A fashionable story dominates much public discussion of the problem with politics today. The electorate has become cynical and disaffected with formal politics because increasing educational attainment has allowed them to recognise how out-of-touch and bankrupt politicians and parties are. Though apparently champing at the bit to get more involved, these 'new citizens' are withdrawing from participation in formal politics and instead immerseing themselves in community activism and campaigning groups. Yet the old parties and politicians - relics of a bygone age of class politics - maintain their selfish stranglehold on the system, preventing a new era of democracy from being born.

.. If this is the problem, the solution is obvious: change the institutions, change the parties, get the politicians in their place and put 'the people' in charge without having to work through the formal political structures ... et voila! We will all come rushing back to engage in a new golden age of citizen democracy. If only it were that simple.

There are three problems with this.

1. Overstating people's willingness to engage, and mythologising why they do not.

A rather more accurate study of political disengagement is offered by the Hansard Society's Audit of Political Engagement. In the 2007 study, asked what factors prevent them becoming more involved, 32% say a lack of time or other priorities; 22% say they are not interested and lack the inclination; 6% cite disillusion with politics and politicians; 6% say it wouldn't achieve anything and be a waste of time; 2% say they wouldn't be listened to; 2% say they are unhappy with a party or the electoral system; 1% say the parties are all the same and don't represent their views; and 17% are unable to give any reasons as to why they are not more engaged.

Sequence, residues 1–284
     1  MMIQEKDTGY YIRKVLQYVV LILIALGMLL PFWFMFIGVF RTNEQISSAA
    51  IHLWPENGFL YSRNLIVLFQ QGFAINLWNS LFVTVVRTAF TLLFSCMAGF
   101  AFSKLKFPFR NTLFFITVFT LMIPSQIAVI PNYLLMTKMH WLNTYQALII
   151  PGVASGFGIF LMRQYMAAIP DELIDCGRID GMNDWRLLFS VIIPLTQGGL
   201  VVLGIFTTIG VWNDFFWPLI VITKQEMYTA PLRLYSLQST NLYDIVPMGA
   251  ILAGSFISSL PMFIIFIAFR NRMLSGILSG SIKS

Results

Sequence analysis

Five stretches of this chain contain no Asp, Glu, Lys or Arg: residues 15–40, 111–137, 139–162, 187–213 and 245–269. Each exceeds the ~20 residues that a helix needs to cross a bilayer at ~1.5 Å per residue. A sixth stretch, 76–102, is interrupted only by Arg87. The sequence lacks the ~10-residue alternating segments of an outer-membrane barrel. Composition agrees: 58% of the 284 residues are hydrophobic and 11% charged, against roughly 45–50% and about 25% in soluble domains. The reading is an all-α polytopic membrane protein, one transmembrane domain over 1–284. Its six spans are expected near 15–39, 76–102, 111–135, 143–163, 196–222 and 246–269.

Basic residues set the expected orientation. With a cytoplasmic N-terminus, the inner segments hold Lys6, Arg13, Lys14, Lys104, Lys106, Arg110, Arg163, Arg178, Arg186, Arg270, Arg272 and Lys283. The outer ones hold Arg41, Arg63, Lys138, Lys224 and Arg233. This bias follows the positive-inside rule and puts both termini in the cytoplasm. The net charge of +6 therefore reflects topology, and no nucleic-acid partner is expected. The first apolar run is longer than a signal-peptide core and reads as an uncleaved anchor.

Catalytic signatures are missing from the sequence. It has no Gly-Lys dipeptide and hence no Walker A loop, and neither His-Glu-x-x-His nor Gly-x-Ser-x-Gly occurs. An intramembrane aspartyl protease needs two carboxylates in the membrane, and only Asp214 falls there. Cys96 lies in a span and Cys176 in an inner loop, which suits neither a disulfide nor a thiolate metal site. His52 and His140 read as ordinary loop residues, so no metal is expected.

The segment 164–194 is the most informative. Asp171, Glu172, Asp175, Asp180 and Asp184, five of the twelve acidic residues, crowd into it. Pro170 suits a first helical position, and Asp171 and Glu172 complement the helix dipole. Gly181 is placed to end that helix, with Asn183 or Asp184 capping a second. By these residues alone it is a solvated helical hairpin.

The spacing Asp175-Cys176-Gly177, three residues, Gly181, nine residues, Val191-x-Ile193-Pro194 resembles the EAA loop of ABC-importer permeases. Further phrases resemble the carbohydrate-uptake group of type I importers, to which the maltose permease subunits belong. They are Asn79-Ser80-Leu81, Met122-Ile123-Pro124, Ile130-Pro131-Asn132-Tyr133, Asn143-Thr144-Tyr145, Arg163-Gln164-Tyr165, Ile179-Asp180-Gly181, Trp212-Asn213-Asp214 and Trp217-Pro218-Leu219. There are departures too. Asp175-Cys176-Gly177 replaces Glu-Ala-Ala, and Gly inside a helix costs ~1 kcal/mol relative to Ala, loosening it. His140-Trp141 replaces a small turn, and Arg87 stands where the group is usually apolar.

2. Failing to understand politics is how we make collective decisions because people disagree. The populist account is simply to demand that the politicians do what 'the people' want, without recognising deep conflicts of values, opinions and interests which need to be negotiated and resolved. So politics is about aggregating preferences (where my views count but where other people's views count equally too) and negotiating disagreements, and deciding between alternatives. This is complex and boring. It involves conflict but compromises and trade-offs too. So most people are happy to leave politics to the experts, until there is something that bothers us. But, then, the test of whether politics works is the consumerist one: did I get what I wanted once I bothered to turn up? If not, "the system" has failed. "Politics is broken".